would be to create a two-tiered credentialing system similar to
what exists in some states. Again, the reason many international
candidates take the U.S. CPA exam is so they can demonstrate a
substantial knowledge of U.S. accounting in order to obtain a
job with a U.S. company that has international operations or with
a local company that must issue financial reports in accordance
with U.S. GAAP—not to become a CPA licensed to practice
publicly and to sign audit reports. Such a two-tiered system could
provide for issuing a credential verifying successful completion
of the U.S. CPA exam for people who do not desire a license to
practice. Monitoring these individuals would be much less extensive,
perhaps even unnecessary. This process would be more similar to
a university granting a degree that indicates a certain level
of knowledge and training than to a state authority granting a
license to practice and monitoring license holders for compliance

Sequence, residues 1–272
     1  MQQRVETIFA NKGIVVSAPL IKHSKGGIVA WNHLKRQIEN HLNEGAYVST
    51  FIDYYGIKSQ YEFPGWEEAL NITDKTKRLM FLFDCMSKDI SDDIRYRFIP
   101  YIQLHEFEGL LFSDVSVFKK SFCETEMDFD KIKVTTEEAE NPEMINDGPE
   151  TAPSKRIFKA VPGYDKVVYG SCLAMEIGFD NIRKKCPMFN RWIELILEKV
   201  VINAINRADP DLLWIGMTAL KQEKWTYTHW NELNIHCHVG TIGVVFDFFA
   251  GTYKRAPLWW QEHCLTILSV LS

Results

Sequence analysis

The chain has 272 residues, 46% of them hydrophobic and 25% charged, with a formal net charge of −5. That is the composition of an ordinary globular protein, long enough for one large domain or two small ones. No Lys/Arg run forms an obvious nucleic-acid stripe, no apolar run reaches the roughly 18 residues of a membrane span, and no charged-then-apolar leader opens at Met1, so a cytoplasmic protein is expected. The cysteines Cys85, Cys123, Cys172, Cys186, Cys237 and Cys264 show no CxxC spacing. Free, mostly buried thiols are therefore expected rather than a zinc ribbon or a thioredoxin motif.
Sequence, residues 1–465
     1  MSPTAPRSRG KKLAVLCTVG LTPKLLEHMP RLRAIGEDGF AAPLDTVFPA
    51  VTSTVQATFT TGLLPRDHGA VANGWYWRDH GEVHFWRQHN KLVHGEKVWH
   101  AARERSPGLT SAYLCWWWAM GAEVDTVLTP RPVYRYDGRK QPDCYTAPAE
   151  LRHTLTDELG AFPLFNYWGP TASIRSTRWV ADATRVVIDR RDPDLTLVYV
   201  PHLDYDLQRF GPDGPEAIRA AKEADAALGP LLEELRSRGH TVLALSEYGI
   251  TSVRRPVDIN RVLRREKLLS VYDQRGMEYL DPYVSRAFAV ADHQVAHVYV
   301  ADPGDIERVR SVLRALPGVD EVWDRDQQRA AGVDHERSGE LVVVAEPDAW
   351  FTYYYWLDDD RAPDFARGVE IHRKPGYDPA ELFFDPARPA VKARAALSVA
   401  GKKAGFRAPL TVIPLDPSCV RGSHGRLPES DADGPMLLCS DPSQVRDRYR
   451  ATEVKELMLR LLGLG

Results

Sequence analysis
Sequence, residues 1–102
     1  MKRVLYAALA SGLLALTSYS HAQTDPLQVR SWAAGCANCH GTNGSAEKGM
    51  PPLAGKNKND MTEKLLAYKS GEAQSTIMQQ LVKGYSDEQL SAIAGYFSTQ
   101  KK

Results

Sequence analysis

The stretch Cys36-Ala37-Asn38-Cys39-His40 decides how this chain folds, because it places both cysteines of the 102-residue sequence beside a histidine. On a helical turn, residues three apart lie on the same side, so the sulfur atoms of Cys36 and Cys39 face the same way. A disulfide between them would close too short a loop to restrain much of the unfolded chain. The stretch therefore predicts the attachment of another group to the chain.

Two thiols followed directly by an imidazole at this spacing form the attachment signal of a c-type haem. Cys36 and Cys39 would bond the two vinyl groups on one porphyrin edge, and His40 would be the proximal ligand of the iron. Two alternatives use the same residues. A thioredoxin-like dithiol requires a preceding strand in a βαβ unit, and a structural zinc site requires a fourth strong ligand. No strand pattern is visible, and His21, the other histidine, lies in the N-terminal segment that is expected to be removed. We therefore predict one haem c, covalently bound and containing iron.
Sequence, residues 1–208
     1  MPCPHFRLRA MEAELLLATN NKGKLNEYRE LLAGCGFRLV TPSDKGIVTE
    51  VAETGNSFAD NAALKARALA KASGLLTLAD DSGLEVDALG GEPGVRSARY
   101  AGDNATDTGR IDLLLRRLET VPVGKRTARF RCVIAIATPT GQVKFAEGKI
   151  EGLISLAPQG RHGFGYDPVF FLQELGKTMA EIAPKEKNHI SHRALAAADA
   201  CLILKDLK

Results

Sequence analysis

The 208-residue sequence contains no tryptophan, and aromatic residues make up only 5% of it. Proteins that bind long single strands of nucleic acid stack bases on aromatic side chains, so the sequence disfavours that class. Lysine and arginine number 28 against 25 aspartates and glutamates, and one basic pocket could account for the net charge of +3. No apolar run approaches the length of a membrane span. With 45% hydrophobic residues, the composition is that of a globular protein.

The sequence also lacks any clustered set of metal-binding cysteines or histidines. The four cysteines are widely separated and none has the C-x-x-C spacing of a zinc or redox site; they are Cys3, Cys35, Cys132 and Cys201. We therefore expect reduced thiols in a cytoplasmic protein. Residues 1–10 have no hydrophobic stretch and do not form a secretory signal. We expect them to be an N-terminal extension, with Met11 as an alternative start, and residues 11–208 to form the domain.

possibilities assume that the various stakeholders are comfortable
adding a credential component to the CPA. Thus, when a state issues
a CPA certificate and a license to practice, the CPA retains its
original purpose as a license to practice, with the attendant
rights and responsibilities. However, when a candidate’s
intention is only to demonstrate knowledge of U.S. accounting,
a POP document could be issued, perhaps by NASBA rather than the
individual states, to indicate that the candidate had successfully
passed the Uniform CPA Exam.
Even if the
possible solutions offered by the authors were not able to be
implemented, the authors hope to draw the profession’s attention
to the important issues raised above. To this end, NASBA, at its
annual meeting in October 2006, formed a group to address the
possibility of offering the CPA exam internationally. The charge
to the committee is to “develop and implement a program